In the summer of 2015, PCGS issued its first MS70 grade to a 1989 Mint State Silver Eagle. The coin was sold on June 14 through Great Collections, where it brought $22,000 with buyer’s premium.

Clearly that’s the high end of the price range for that coin, as history and common sense inform us of the likelihood that additional coins will enter the marketplace. Consider also that only 2.2% of the total mintage has been through the certification process. Even if only an additional three or four percent of the mintage is certified, the astronomically high price of the PCGS MS70 is a big target for submitters and crossover specialists.

The price of NGC MS70s saw declines in recent months. On the low end of the price spectrum, we find some pieces selling between $900 and $1,000. High retail for the coin is $1,500-$1,595, with $1,250 more in line with current trends. For the time being, the NGC MS70 population is a few coins shy of 400. That number is up 33 coins year-to-date, or approximately 10% more this year than in 2014.

Proof Year-by-Year Breakdown

1986-S American Silver Eagle Proof

Year-to-date, the PCGS population of 1986 PR69DCAM Silver Eagles has increased by 12.6%, while the PCGS PR70DCAM population increased by 30.5%. The percentage of coins graded 70 by PCGS increased from 22% to 25% in 2015. Furthermore, the PCGS ratio of 70s to coins in all grades for the issue dropped from 1:22 to 1:7.74.

PCGS publicizes population numbers for their signature label insert programs but not their myriad other novelty label designs. Since our last population update, PCGS added 939 John Mercanti signature label PR69DCAM coins, 10 Ed Moy label PR69DCAM coins, and 123 Michael “Miles” Standish label PR69DCAM coins.

In PR70DCAM, PCGS added 375 Mercanti label PR70DCAM coins, 10 Moy label PR70DCAM coins, and three Michael “Miles” Standish label PR70DCAM coins.

Note: Standish left PCGS to take a position at NGC. He has since passed away.

Florida-based NGC kept pace with 69 coins entering the market and 2,049 graded Year-to-Date. NGC was stingier with 70s, however, adding just 320 (including one signed by former Chief Engraver Elizabeth Jones). The NGC PF70UCAM population is now 1,760, which is 1,231 fewer than the PCGS Proof 70 population of 2,991.

1987-S American Silver Eagle Proof

The PCGS population of 1987-S Proof Silver Eagles in 70 outpaced NGC by a factor of 6.82 to 1, despite the fact that NGC’s population census shows that its submission rate of 1987-S Proofs was double that of PCGS. As it stands at the time of writing, the PCGS 70 population now sits at 1,401. NGC has certified 572.

The newfound PCGS inventory has resulted in the coin’s premium reduction by 25% since our last update. The price for NGC 70s has held steady. With fewer of them on the market at any given time, the coin has been less exposed. 69s from both services also saw declines, with PCGS coins in Moy and John Mercanti labels carrying a premium price over the market rate for PCGS standard labels.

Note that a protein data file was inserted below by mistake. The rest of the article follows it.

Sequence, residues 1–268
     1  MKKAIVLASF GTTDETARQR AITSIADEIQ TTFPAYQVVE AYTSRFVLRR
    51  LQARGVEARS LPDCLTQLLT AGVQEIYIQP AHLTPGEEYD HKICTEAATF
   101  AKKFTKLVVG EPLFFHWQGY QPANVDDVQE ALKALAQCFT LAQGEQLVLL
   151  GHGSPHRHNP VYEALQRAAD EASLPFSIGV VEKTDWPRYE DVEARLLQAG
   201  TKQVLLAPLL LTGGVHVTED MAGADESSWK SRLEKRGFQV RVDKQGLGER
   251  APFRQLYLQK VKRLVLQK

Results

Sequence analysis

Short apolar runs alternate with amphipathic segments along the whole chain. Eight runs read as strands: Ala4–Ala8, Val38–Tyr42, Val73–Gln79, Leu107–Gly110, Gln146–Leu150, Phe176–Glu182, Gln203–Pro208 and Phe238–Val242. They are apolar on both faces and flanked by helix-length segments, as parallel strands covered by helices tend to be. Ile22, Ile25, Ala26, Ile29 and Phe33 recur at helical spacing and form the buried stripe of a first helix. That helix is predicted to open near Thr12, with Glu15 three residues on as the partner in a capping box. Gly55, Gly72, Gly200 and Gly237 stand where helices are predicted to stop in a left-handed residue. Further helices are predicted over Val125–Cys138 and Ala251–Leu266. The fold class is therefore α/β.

PCGS added 88 coins in PR69DCAM with the “Miles Standish [Mint] Director’s Medal of Excellence” label. This label carries no significant premium.

1988-S American Silver Eagle Proof

PCGS continued to increase its PR70DCAM census with 287 pieces added in 2015. NGC added 68 pieces, which is why NGC-graded 70s experienced a slight relative increase in average price compared to PCGS, which declined by about 10% over the same period.

PCGS also saw increases in the following labels:

  • Mercanti: 54 in PR69DCAM, 76 in PR70DCAM;
  • Moy: 10 in PR69DCAM, six in PR70DCAM;
  • Standish: 89 in PR69DCAM, 13 in PR70DCAM


The 1989-S remains the cheapest Proof Silver Eagle from the 1980s for coins in the 70 grade.

PCGS PR69DCAMs have declined in price by 20% since June; PR70DCAMs have declined by 10%. Accounting for some of this is the fact that the ratio of PCGS 70s to coins in all grades for the issue has increased dramatically, from 1:17 coins at the start of the year to its current level of 1:6.54.

NGC saw a modest increase of 4% in Proof 70s.

In January, PCGS certified 44 PR70DCAM 1989-S Eagles with Mercanti labels. By June, that number stood at 100 and is now 179 – an increase of 135 Mercanti “70” labels year-to-date. During the same period, the number of “69” Mercanti labels has increased by just 50.

Fewer Moy coins have been made during the same period: 10 in PR69DCAM have been produced since January, and 13 in PR70DCAM. The total number of Moy “70s” now sits at 42.

22 PR69DCAM Miles Standish labels appeared in the market after our June update. There are no Standish 70s for this date.


CoinWeek IQ
CoinWeek IQ
With CoinWeek IQ, the editors and writers of CoinWeek dig deeper than the usual numismatic article. CoinWeek IQ provides collectors and numismatists with in-depth information, pedigree histories, and market analysis of U.S. coins and currency.